She concludes that he is missing a gene, always confused by her anger, perpetually wondering what he’s done wrong, unable to comprehend why they argue, drawing no conclusions about it after all these years. It must be a genetic defect, like a thyroid dysfunction, to believe that all anger is the same and that he can mollify her with a pun or a joke. “Okay.” Now Scott treats her to the slowed-down speech reserved for children and rabid animals. “Invitations for the fiftieth wedding anniversary party for my parents.”
“Fuck you, Scott. I know what they’re for.” From her angry words, she extrudes a calm clarity. The whole concept of a couple staying together for fifty years eludes her, especially her couple, mismatched from the very beginning. She’s going to have to tell him, crack open the sophistry of their union regardless of the consequences. She’s not sure when or how but Holly will confess Mil. And Brian, too. All of it.
Holly liked to party with boys. Fifteen years old, an average student in a small, conservative, blue-collar town that proved, for many, tough to leave. Holly overlooked the pool of insouciant teenagers from which she could select her girlfriends. She gravitated to football players. Lured by their doctrine of entitlement, she admired their matrix of fundamentals; assigned roles, hard work, inevitable pain, measurable points and savored victories. She loved their rough voices and coarse words. And their smell, like fields of spring mud, intoxicated her. When she got high with them, she embraced the out-of-control feeling, her power stretched before her without horizon. Tacitly, she shared their glorious dreams of fame and fortune, fast cars and freedom. In a sober moment, alone, she devised the plan that would fulfill those dreams.
Phase One began with an unwitting boy, all too willing to accommodate Holly’s desire. Even if he was in love with her, he fell to Holly’s plan in a strafe of collateral damage. Her first time – was it his too? — they abandoned only enough clothing so that their bodies connected. Years later, Holly would forget his name and all the ancillary events of the evening. But memory of the sex imprinted; the stinging pungency of cheap cologne, his initial struggles, telling her to relax, just relax, then the brief, ripping pain, surprise when his body jerked and shuddered against hers, and finally, probably only minutes later but seeming much longer, his belt buckle digging into her thigh. For days, she wore the bruise from it, an odd shape that made her think of getting a tattoo there. She stopped at every mirror, examined her reflection, and the C student congratulated herself. “That’s an A, baby.”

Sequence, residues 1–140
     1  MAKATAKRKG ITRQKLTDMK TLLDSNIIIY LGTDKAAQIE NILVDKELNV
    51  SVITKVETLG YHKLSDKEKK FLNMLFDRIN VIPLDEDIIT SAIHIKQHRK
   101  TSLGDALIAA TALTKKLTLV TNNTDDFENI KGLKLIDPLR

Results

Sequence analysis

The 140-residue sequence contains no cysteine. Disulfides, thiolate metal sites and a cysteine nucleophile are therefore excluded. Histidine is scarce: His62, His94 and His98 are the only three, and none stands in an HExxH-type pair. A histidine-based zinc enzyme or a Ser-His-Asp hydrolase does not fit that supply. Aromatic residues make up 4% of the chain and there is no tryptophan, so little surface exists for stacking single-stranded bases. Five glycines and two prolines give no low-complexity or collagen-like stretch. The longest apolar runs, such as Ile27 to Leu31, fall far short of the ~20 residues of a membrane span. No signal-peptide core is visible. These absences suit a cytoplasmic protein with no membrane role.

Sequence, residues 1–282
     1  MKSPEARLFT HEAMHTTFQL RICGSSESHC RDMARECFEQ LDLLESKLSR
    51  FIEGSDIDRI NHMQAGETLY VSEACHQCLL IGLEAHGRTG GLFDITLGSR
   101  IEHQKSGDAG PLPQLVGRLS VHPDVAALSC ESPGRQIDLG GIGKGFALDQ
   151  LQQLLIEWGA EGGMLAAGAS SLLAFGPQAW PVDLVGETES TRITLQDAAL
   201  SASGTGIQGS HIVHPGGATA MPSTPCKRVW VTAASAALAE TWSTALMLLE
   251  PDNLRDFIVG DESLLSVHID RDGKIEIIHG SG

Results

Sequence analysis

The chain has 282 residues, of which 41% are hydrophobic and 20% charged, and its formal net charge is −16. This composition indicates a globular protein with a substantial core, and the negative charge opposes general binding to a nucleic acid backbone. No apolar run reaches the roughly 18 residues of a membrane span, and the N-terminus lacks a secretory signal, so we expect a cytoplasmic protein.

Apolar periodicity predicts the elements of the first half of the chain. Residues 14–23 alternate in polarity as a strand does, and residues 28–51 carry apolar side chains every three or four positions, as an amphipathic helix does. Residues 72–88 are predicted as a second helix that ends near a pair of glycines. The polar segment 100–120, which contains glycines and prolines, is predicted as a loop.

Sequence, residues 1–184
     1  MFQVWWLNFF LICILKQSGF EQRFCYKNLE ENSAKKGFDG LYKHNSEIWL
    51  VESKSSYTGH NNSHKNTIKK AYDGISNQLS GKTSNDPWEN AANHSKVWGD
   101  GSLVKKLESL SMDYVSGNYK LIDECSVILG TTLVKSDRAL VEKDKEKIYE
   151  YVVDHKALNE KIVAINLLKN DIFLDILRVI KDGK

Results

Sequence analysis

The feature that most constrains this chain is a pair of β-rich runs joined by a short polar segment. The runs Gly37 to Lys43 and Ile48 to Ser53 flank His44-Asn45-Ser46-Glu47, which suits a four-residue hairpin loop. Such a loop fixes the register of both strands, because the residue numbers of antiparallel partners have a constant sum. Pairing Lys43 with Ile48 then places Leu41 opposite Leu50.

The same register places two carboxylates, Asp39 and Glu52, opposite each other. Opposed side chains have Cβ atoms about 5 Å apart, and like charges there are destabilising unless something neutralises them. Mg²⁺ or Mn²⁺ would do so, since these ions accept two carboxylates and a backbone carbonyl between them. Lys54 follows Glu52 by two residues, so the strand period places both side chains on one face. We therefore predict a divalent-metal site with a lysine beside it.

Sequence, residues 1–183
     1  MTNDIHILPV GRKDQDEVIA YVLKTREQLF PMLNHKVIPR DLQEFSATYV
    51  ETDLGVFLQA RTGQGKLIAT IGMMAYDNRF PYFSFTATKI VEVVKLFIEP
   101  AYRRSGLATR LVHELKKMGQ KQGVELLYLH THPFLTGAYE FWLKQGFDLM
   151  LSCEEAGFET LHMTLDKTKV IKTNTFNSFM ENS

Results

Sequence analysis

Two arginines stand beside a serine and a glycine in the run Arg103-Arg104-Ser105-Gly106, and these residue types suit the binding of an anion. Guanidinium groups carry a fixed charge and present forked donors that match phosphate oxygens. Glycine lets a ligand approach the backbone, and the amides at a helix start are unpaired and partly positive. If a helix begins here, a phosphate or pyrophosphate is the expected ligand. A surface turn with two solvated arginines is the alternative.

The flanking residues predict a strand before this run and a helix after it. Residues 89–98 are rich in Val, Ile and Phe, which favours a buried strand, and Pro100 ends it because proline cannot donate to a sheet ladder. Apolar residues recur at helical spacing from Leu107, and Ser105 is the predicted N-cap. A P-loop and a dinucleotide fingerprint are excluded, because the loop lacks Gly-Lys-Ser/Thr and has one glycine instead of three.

Fortune delayed her deployment of Phase Two because her frequent absences from home alarmed her parents and drove them to search her room. There, they unearthed an old baggie with a few joints Holly had neglected because there was something better to smoke. Infuriated, her mother flaunted her discovery at Holly, herbs trembling inside the murky plastic. Her father imposed the strictest curfew ever; home directly after school, no TV, no computer, no music, no, no, no, no…no! Okay, whatever. Holly didn’t waver. Her resolve deepened. The week of her eighteenth birthday, she met Scott.
Scott, green eyed, thick lashed, dirty blonde, halted, at Holly’s request, outside Dave’s Liquors on Main Street. While she addressed the stranger, he stood by, his towering six-foot plus, muscled frame stuffed into a fresh off the rack business suit. “Hey,” she said. “Buy me a six pack?”
“Name’s Scott.” His low strong voice reminded her of a Great Dane.
“Scott, buddy. You’re over twenty one?”
“Yeah. Buy me a six-pack. I’ll owe you big time.”
“And you are?”
She hesitated. “Well, I am twenty one. It’s just I left my ID home.”
He smiled a goofy, white-toothed grin. “I meant your name.”
“Uh. Barbara.” She should have waited. All of a sudden, this guy seemed really extra tall. “I’m kind of in a hurry so if you – “
“Never mind. I’ll do it if you keep your word.”
“You said, you’ll ‘owe me’. So that’s your word.”